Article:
How a talent for golf led to David Allaway becoming a police chief, then guardian of the Mayoral secrets - and why he had to handcuff his own dad... 

AS he looks forward to a well-earned retirement after a 45-year career in public service, David Allaway reflects on how much his golf swing has influenced his direction in life.

Had it not been for his golfing prowess, he might never have been enticed into the police before going on to be the man entrusted with the secrets of the Mayor’s Parlour in Darlington.

He was just 18 when his distinguished public service began – but it had a lot more to do with a knack for bagging birdies than a desire to catch burglars.

He’d started playing at Darlington Golf Club when he was 13 and progressed to a handicap of just four within 18 months. He was off scratch by the time he was 17, and happened to be paired one day with a senior detective from Durham Constabulary.

“Have you ever thought about joining the police?” asked the impressed officer. “We could do with you on the golf team.”

It was the defining moment of David’s life because, within months, he was a signed-up copper.

His love of golf had come from his dad, who is fondly remembered for owning Henry’s hairdresser’s shop up North Road, in Darlington, for 53 years.

Henry Allaway had also been assistant professional at Darlington Golf Club before the war, and one of his proudest moments was when his son became 1977 club champion.

Knowing how excitable his dad was, David was moved to take rather extreme action to keep the old man out of the way during a tense 18-hole play-off.

“I played the classic trick of asking him the time and then handcuffing him to the radiator in the clubhouse,” he recalls.

Poor old Henry was only released when young David was coming up the 18th, four shots clear of his rival.

When he wasn’t playing golf, David spent the early part of his police career in the underwater search unit and it had its murky moments – like the time he was sent on the end of a rope into the depths of Hartlepool Marina in search of a sextant compass that had gone missing from a boat.

When he returned to the surface, covered in thick, black gunge, he noticed a gang of local children were running away and screaming. They’d come over, curious to know what was happening, and were informed by the other cops that they’d caught a gruesome sea monster.

Despite that monstrous beginning, David rose to through the ranks and became area inspector in Teesdale before retiring in 2004 and being offered the job of Darlington’s Mayoral Support Officer a few months later.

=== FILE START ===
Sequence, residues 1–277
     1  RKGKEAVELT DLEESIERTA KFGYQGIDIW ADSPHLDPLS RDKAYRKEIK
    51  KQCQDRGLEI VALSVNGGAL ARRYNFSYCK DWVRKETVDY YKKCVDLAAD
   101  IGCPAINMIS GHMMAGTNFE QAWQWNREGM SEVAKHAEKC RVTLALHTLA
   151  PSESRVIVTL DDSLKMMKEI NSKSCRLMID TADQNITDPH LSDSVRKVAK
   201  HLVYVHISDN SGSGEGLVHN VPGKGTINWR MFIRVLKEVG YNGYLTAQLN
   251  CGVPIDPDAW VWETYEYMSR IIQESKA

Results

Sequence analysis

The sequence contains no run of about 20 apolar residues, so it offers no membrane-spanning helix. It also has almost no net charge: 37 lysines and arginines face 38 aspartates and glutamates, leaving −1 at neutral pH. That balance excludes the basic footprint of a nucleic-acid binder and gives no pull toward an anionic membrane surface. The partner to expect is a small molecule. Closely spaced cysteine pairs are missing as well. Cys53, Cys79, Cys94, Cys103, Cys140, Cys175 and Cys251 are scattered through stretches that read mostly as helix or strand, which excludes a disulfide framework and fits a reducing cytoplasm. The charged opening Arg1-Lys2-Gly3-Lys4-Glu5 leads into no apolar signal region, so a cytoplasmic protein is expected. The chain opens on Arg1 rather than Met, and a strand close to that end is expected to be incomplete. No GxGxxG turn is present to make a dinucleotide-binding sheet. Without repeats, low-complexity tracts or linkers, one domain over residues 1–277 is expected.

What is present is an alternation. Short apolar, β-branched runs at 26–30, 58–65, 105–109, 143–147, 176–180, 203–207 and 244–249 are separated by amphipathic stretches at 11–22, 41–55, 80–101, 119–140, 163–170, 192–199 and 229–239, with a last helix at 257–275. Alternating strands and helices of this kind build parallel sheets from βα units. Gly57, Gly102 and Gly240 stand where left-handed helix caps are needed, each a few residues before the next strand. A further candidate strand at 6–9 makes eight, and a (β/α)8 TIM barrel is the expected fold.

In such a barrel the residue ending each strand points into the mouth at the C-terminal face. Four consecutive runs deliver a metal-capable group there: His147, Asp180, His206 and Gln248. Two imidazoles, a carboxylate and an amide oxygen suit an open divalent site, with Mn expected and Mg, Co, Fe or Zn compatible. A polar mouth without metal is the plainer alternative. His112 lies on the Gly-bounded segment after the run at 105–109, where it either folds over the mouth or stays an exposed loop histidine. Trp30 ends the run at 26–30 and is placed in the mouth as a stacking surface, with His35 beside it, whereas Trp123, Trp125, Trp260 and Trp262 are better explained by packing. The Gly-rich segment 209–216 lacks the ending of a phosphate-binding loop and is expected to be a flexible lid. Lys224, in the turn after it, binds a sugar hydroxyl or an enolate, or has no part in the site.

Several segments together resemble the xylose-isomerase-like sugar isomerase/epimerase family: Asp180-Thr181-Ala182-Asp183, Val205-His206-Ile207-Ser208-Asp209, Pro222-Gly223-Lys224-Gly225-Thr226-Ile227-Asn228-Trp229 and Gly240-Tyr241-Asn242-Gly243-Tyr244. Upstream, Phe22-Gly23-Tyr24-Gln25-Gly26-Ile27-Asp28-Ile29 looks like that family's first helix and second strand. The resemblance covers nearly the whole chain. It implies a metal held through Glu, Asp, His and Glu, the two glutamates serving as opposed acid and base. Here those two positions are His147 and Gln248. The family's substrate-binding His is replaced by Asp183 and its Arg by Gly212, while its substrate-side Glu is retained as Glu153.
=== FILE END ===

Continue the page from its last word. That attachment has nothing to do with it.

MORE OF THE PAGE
Part of his job was to drive the mayors around the region but it didn’t always work out quite as planned. His first Mayor was Roddy Francis, who had fellow Labour councillor Isobel Hartley as his Mayoress.

Isobel was a terrible back-seat driver and, during a trip to Sunderland, she told David to take what turned out to be a wrong turn, so the mayoral limo ended up in a car wash.

There was also the time Prince Andrew was on an official engagement in Darlington. Having used David’s favourite fountain pen to sign the official record book that sits outside the Mayor’s Parlour, the Prince was about to leave.

“Sir, could I please have my pen back?” David asked His Royal Highness. You see, it doesn’t matter who it is – no-one gets away with anything with David Allaway.

Having kept 15 Darlington Mayors on the straight and narrow, his last day in the role will be on June 28. He’ll have clocked up more than 5,000 official functions, and it’s fair to say the Mayoral chains, dating back to 1872, have never been in safer hands.

Having been Darlington born and bred as a Greenbank Maternity Hospital baby, with mum Jean a Whessoe worker and stalwart of St Andrew’s Church, it’s a job that’s given him immense pride.

“It really has been an honour to have played a part in the history of my home town,” he says.

Asked for his highlights, his mind immediately flicks back to 2010 when thousands turned out to see the 3rd Battalion The Rifles being awarded the Freedom of the Borough of Darlington. It followed a six-month tour of Afghanistan in which 30 of its members were killed.

“That was a special day,” says David.

So was the occasion, a year later, when he was on duty as the future Archbishop of Canterbury, Justin Welby, was handed a 13th century falchion on Croft Bridge to become the new Bishop of Durham.

“It was torrential rain but it stopped just before the ceremony, and started again as soon as it was over – divine intervention if ever I saw it,” he recalls.

He adds: “I’ve loved seeing history unfold and meeting so many incredible people who keep their communities going in so many different ways.

“But most of all, I’ve loved seeing the faces on the children when the Mayor arrives in the chains and brings a sense of occasion to whatever the event may be. It’s a tradition we must never lose.”

At 64, he’s decided it’s time for someone else to work on the chain gang, so he can spend more time with his “good lady” – Delia, his wife of 23 years.

She too is a keen golfer and it’s a fair bet that they’ll be devoting a lot more time to the game that teed up a colourful career in public service.